Young people remain pessimistic about their chances of getting on the property ladder, with only a third prepared to save for a deposit for more than three years before abandoning their plans.
According to the third annual Generation Rent report from Halifax, published this week, the average deposit paid by first-time buyers in the first quarter of the year was £26,956 – but many would-be home owners say they cannot afford to save anything at all.
One fifth of non-home owners aged between 20 and 45 have already given up on the prospect of owning a property. The proportion rises to 43% among 40 to 45-year-olds.
Nearly six in ten of non-home owners believe they will be unable to retire if they have to rent all their life; a similar proportion believe people can never feel fully settled in a rental home; and nearly half think it is important for parents to bring up children in a home that they own, not rent.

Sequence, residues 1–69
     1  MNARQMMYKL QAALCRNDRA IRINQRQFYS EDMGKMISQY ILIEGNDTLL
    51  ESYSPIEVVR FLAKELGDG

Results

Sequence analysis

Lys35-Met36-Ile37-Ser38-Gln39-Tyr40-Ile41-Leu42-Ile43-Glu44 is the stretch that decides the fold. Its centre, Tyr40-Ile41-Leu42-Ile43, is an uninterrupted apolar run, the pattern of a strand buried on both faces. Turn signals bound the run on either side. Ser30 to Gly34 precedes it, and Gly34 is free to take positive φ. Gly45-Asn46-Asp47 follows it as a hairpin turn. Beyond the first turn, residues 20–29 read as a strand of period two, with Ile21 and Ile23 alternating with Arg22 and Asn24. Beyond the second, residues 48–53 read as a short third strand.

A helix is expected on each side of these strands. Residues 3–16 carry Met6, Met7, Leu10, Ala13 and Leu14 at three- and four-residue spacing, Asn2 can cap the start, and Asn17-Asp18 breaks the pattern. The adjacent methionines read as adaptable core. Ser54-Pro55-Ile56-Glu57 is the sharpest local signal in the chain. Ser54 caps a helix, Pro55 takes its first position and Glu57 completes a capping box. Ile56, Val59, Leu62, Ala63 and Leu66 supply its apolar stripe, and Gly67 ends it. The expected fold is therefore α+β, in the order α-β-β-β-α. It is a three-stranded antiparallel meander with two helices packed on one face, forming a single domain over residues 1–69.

Craig McKinlay, mortgages director at Halifax, said: “We are seeing a change in the social landscape of the UK, with a widening split between those who can and cannot afford to buy a home.
“Home ownership is clearly still an important goal for a lot of people, but fewer and fewer people consider it to be something they will be able to achieve. Renters say they never feel properly settled and fear they will struggle to retire, so the social impact of this shift is significant.
“More needs to be done to redress the balance, both through making home ownership more accessible and offering more stability through the rental sector.”
Article courtesy of Landlord Today